I made a vector design of the BPRD logo to use as the set symbol.

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As I got through my list I ended up with a few images that I ended up switching around or replacing. This was a bit annoying since I had to manually position everything.

There were a few values like artist and the set symbol I wanted to set for all the cards, so I wrote a script that could modify the saved JSON with these values. You can see the script I used here.

I also made a card back for the set:

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What I’d do Differently

I liked the Mystic Archive frame and used it for most of my cards. The problem with it, is that it ends up covering a big chunk of the image by default. It shows small portions of art on the sides that I usually wan’t able to take advantage of. Here’s one of the few cards that did:

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For other cards, I would have to manually resize and move the image and cover the areas on the sides. I actually made an additional frame component that just covered the sides with black. A different frame would have made the auto-fit more useful and saved me a bunch of time.

On a similar note, I had a lot of trouble fitting the panels with arbitrary width vs height ratios into the frames. I probably should have just picked a small set of frames and made the images the right scale in an image editor before I uploaded them. This was especially a problem, since I had to re-layout the images after I realized I needed to add the 1/8th inch margins. This also would have made it easier to adjust the cards with my script if they had predictable placements and would have made it much easier to swap images.

It would have been nice to automate in Selenium the process of reuploading the JSON and Downloading all the images. There were a few times when I wanted to make some small tweaks and had to manually do this to dozens of cards.

If I were to do all these changes, I could have automated the whole process. Then it would have come down to just doing manual cleanup and flourishes.

Using Local Cards with MPC Fill

So now that I had the images for the cards, I needed to actually add them to an order. I still wanted to use to make it a little less tedious and error prone, but the documented usage is more focussed on putting together the card set on the web interface and downloading the images from the cloud. There is an issue to add an option for local cards, but that’s still a work in progress.

A developer responded that the project appears to be inactive and the fork is the current active source of development.

To get around this I wrote a script that took my list of cards and card backs and generated the order XML used to run an order. Here’s the script I used: . It also copies the cards into the cache directory used by MPC Autofill. This script directly encodes the cards and the makes the assumption that the card names match the file names.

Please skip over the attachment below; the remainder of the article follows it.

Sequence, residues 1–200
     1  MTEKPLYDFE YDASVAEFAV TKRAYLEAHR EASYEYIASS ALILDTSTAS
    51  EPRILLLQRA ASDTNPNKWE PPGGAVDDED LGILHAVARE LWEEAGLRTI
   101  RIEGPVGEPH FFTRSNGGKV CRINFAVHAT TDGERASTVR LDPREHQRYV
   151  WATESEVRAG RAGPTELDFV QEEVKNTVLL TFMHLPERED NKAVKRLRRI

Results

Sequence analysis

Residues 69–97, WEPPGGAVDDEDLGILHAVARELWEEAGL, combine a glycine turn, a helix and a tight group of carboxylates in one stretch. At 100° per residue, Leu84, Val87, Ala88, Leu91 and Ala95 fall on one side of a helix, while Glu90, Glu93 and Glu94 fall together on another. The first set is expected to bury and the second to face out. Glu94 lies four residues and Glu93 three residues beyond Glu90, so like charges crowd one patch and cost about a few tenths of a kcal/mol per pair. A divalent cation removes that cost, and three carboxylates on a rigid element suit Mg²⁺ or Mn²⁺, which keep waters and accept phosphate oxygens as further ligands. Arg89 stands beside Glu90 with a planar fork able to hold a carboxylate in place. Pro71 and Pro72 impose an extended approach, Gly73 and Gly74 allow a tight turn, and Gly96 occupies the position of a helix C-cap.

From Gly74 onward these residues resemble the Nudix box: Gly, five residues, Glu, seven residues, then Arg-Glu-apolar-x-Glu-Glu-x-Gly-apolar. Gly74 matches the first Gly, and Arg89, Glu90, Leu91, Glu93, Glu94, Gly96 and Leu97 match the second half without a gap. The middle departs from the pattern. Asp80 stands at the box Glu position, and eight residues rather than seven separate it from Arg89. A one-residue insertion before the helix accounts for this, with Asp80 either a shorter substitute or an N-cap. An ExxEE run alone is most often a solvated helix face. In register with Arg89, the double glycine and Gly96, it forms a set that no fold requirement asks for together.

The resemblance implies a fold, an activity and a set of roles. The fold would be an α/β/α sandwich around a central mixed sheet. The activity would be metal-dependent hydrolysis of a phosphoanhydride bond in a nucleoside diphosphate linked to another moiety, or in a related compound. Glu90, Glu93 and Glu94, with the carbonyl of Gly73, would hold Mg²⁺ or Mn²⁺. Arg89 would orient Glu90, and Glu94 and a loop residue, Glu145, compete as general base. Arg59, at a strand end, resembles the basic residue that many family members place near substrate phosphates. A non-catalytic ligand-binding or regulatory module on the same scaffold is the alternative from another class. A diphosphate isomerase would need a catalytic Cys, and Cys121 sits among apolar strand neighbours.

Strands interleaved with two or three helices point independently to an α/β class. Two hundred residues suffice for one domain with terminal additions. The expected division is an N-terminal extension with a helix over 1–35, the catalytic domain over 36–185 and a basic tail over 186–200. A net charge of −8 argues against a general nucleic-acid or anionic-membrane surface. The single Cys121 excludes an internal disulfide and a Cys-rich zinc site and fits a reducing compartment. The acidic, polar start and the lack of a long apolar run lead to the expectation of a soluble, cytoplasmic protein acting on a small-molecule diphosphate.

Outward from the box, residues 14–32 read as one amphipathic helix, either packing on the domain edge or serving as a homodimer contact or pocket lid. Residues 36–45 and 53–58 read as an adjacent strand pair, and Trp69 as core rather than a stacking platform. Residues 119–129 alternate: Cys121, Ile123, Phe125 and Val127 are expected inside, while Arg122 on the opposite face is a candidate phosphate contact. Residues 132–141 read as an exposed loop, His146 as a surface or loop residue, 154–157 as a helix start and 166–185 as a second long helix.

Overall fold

The exported XML can be loaded into MPC Autofill like normal and it skips downloading images and just uploads the generated order.

Combining Orders with MPC Fill

To amortise the shipping cost, I wanted to combine this order with the cards for a draft cube. This would not include any custom art and be a normal order.

There’s sort of a feature in MPC Fill that supports uploading additional cards to an order, but it’s a bit finicky. You can run python -skipsetup or autofill.exe -skipsetup to make it skip the initial order configuration step. This lets you log in, open a saved order, and have the script start from there.

I added an offset value to my order generation script that let me generate an order XML that starts at the end of a previous one. The only problem is that it doesn’t know to not set the card back across the entire order, so I needed to set that up manually.

This ended up not working right for the cardbacks, so I had to fix them manually. I wrote up the issue here

Submitting Cards to MPC Fill

There’s a lot of cool custom art on MPC Fill, and I wanted to try to contribute my cards to their database.

This turned out to be as easy as contacting the maintainer on Discord and sending a link to a Drive with the uploaded cards. (As a side note, I should have really looked at the Discord earlier. There’s a lot of useful info in the FAQ there…)

If you’re interested in seeing / printing this deck you can see it on

First you need to download the XML file with the order: hellboy_ashling_pilgrim_edh_deck.xml . Then, go to and upload it with the “Upload List” option show below:

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This will give you an order with the 61 cards and the custom card backs.